A lack of qualified security staff is preventing IT managers from securing the enterprise, according to data from Forrester Research.
A survey of over 2,000 IT executives in the US, UK, Canada, France and Germany found that one of the key problems behind corporate IT security is getting qualified staff to do the job.
Almost a third of managers in the US and nearly a quarter in Europe suffer from staff shortages in this area.
"Security leaders feel that they simply don't have enough staff to carry out day-to-day tactical activities while adjusting to major business and IT shifts and changing threats," said Forrester principal analyst Khalid Kark.
Lack of budget is also a major issue, and the survey found that 29 per cent of US and 23 per cent of European companies reported a shortfall in funds for IT security.
Nearly a third of US managers also reported that too much time is spent on day-to-day activities, compared to less than one in five European bosses.
Kark suggested in Forrester's Twelve recommendations for your 2011 security strategy that companies will face an inflection point next year when the number of non-PC computing devices in the enterprise exceeds the number of traditional PCs for the first time.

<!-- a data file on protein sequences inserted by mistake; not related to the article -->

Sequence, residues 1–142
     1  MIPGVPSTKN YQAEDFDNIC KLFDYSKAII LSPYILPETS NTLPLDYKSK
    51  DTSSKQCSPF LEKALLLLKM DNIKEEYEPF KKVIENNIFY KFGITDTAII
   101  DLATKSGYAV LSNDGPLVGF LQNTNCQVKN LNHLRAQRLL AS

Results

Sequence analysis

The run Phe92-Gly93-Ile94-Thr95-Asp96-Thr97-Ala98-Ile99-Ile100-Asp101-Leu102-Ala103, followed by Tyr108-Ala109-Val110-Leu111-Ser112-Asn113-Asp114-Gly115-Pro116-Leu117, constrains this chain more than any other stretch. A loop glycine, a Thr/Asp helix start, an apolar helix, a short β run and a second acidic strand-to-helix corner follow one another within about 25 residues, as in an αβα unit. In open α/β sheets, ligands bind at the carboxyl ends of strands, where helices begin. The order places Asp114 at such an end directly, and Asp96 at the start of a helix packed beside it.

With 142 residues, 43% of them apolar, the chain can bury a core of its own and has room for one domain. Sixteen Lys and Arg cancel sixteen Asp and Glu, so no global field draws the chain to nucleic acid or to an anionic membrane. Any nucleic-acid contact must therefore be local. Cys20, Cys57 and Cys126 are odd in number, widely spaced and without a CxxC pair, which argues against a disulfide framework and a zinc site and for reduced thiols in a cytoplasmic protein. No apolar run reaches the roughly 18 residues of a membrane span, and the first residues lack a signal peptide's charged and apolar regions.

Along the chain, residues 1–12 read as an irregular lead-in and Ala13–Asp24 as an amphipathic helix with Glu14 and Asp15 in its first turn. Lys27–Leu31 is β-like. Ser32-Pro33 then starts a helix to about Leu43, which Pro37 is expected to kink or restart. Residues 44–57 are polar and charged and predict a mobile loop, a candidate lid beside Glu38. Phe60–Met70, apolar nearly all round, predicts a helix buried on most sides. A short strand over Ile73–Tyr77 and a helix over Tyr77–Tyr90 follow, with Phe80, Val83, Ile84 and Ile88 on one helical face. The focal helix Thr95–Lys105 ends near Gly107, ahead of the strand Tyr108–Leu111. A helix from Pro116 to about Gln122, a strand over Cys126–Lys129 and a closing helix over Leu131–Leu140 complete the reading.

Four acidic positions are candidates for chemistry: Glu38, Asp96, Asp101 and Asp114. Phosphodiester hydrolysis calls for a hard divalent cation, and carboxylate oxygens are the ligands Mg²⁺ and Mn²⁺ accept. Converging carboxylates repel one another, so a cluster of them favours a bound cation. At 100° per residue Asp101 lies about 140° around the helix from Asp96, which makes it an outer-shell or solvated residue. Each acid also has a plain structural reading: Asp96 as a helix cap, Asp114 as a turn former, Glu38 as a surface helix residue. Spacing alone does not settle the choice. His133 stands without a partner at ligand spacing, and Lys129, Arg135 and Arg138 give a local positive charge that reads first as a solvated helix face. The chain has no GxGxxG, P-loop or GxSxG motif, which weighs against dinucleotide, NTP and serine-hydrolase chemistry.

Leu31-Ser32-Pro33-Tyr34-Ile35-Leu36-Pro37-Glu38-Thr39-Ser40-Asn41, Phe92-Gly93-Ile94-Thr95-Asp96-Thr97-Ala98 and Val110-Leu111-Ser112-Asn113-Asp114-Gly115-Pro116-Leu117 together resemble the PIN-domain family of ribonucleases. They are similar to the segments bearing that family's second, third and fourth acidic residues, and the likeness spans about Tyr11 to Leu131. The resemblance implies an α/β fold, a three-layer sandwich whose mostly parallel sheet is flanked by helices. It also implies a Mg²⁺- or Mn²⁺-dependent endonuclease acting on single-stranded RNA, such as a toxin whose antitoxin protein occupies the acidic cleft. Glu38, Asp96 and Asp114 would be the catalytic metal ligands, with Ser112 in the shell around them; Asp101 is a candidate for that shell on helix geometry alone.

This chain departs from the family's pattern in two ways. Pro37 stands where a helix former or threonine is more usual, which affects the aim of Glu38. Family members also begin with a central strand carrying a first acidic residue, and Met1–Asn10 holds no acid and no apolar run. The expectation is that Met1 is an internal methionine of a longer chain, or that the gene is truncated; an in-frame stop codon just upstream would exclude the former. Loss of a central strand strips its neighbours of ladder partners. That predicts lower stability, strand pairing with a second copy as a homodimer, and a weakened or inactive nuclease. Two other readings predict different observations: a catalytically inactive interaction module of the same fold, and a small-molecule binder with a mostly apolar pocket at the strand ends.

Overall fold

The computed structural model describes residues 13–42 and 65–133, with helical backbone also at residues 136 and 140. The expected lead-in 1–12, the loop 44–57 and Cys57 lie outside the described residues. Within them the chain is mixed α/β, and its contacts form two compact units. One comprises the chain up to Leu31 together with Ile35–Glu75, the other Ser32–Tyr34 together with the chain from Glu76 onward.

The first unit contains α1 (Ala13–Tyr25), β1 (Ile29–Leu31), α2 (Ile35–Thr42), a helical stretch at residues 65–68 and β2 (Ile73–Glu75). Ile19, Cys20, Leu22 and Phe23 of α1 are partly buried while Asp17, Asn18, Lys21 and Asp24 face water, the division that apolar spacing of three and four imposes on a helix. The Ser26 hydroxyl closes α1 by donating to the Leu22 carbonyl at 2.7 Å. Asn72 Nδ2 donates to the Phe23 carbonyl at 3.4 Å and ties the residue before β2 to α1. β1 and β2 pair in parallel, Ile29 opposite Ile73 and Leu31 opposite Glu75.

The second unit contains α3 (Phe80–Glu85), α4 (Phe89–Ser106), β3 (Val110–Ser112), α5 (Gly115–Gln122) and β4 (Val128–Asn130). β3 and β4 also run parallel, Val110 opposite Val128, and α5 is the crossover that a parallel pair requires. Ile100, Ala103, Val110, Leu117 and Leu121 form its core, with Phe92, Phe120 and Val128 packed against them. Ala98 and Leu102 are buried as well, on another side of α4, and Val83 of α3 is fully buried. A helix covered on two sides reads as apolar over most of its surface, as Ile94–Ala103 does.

The analyst recommends encouraging more mobile devices up to a point, since they are often equipped with better security than older computers, and standardising policies around device capabilities not brands.
The report also predicts a rise in cloud services, and said that sensitive corporate information can be further controlled by thin client systems.
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